There’s an old expression, “God looks after drunks and fools.” I don’t know if it was the whole group or just me, but when I got up about 6 a.m. and looked out the porthole of the ship, I was glad I was a fool and had probably drunk too much the night before. The sea was like glass, not a ripple on the surface. The Russian base where we were to ride was about a quarter-mile away, its red buildings gleaming in the morning sun. I went up on deck and saw the bike, resembling some bizarre pre-historic creature, hanging out over the water from a crane. A zodiac circled below like a hungry shark, waiting for its prey to descend into its waiting jaws. Slowly, the bike was lowered into the zodiac and off it went to shore. Damn! This is going to happen!
We had a quick breakfast and then 13 people dressed in red arctic suits, and like a group of dyed penguins, stumbled into a zodiac and went to shore. We had decided to let Phil from Australia be the first to ride, as he was our senior member, and we were a well-mannered group if nothing else. The bike sat there, waiting for us. The road, and I use that term loosely, waited for us. Phil got on, took off and disappeared behind a hill. Then we waited, and waited and waited for him to return. Finally, from around the hill he came, water spraying in all directions as he headed for us. The smile on his face said it all. Basically, he said the “road” was really two ruts about 6–8 inches deep, so pick one because you won’t be changing ruts halfway down the road. Turning around was tricky, as the road just ends and you have to get the bike in and out of the ruts to turn it. Plus, it was mud, gravel and water in the ruts. Immediately my mind went from being one of the first tourists to ever ride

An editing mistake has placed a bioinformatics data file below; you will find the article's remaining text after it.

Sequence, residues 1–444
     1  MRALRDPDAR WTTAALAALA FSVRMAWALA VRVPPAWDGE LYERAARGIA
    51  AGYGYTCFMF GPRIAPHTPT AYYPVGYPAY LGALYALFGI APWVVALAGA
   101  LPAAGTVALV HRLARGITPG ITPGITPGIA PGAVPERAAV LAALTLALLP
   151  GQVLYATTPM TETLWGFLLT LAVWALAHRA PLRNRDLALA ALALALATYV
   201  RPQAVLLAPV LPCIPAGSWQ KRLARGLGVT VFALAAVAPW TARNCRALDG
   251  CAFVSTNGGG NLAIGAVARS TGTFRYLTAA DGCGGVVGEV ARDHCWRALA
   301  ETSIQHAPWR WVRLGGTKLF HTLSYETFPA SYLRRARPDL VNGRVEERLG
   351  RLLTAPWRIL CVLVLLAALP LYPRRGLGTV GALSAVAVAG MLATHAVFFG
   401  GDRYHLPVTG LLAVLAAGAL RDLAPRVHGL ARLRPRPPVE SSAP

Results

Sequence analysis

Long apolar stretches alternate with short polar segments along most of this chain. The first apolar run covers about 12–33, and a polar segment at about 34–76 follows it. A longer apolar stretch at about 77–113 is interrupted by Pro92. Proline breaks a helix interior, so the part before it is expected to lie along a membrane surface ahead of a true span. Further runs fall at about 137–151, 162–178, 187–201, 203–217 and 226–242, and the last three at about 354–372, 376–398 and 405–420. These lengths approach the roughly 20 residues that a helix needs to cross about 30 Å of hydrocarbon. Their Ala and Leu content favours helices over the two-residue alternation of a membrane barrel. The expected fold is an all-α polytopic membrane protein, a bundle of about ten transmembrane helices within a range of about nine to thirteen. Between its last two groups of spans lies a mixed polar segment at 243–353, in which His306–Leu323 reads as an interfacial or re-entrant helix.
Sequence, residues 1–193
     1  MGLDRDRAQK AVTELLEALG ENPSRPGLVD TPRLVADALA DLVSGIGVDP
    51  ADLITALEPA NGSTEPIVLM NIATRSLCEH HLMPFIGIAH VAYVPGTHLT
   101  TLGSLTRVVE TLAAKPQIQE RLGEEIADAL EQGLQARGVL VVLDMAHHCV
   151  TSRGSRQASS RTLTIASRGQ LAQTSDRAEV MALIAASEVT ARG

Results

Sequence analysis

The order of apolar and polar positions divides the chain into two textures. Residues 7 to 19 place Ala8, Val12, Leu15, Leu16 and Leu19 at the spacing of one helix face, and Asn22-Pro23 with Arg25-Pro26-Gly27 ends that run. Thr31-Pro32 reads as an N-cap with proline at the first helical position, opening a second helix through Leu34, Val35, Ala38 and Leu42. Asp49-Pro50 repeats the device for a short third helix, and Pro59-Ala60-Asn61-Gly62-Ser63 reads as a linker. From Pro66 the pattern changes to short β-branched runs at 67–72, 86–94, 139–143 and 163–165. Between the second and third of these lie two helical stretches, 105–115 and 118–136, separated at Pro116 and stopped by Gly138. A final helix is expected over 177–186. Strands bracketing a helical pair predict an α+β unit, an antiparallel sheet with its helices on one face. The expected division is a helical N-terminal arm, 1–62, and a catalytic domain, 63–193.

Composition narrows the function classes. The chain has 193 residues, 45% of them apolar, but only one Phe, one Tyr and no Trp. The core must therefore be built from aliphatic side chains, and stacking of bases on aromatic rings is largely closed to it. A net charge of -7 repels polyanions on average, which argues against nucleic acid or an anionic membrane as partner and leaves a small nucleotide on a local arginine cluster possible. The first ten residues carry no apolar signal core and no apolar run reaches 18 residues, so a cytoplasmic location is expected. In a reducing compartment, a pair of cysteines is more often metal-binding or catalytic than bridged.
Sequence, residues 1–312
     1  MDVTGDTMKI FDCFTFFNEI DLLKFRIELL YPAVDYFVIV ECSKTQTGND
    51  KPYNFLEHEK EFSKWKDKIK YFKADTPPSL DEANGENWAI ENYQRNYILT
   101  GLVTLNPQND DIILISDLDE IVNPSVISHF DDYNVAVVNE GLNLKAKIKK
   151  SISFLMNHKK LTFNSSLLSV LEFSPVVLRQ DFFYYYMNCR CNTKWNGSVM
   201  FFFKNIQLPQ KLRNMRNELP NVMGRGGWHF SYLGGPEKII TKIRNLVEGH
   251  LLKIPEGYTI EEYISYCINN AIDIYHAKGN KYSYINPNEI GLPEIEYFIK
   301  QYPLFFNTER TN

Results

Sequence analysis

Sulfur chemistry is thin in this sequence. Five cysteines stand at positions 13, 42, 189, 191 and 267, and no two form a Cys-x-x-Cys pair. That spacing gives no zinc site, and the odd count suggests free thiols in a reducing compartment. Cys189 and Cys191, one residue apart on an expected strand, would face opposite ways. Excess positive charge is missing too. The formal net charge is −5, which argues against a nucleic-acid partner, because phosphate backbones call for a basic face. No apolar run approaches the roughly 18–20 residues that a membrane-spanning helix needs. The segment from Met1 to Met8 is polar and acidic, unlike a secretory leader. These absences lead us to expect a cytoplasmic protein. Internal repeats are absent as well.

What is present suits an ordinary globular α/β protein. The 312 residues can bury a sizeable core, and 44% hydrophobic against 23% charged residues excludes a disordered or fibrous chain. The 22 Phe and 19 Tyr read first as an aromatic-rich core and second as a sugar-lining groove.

a bike in Antarctica to being the first tourist to ever dump
a bike in Antarctica, with an audience of 85 shipmates watching.
The fun factor was fading fast, but then it was my turn. I prayed that the “drunk and fool” factor was still operational. The bike was sliding in the rut and the water and mud was spraying everywhere, but I was upright. I made it to the end and started to once again breathe. Turning the bike around took forever, as the ruts are deep, but I managed. Off I went, heading back but, wait, there were people from the ship walking down the road ahead of me. I don’t know what I yelled, but all of a sudden 10 people moved at the speed of light and the road was clear. I left the rut and the last body of muddy water, rode another 100 feet and stopped in front of the group. I had done it, hadn’t dropped the bike and could now tell anyone who cared that I was the third tourist in the world to ever ride a motorcycle on the Antarctic continent. Was I happy? Well, let’s be honest, this doesn’t happen every day.
The rest of the group took their turns and all made it in one piece. Then Claus and John, our tour leaders, took their rides and the sense of relief that this had happened at all, and safely, was clearly visible on their faces. We then took the obligatory group photo, wrangled our beast back into the zodiac for the trip back to its cage on the ship, not to be seen again until we docked in Ushuaia. We walked around the Russian base for a bit and then headed back to the ship to go to another bay. We found out later that the base commander said he had been there for about four years and had never seen the ocean so still. When I heard that, fool or not, I went and had a drink. After all, we had five more days of seeing this magnificent, unworldly frozen continent. What can I say, Ayres Adventures and BMW had come through again for me, and for the next five days I was not disappointed in any way! I took over 2,200 photographs, but I have yet to see a photograph that even begins to capture the soul of Antarctica. But maybe that is the way it should be.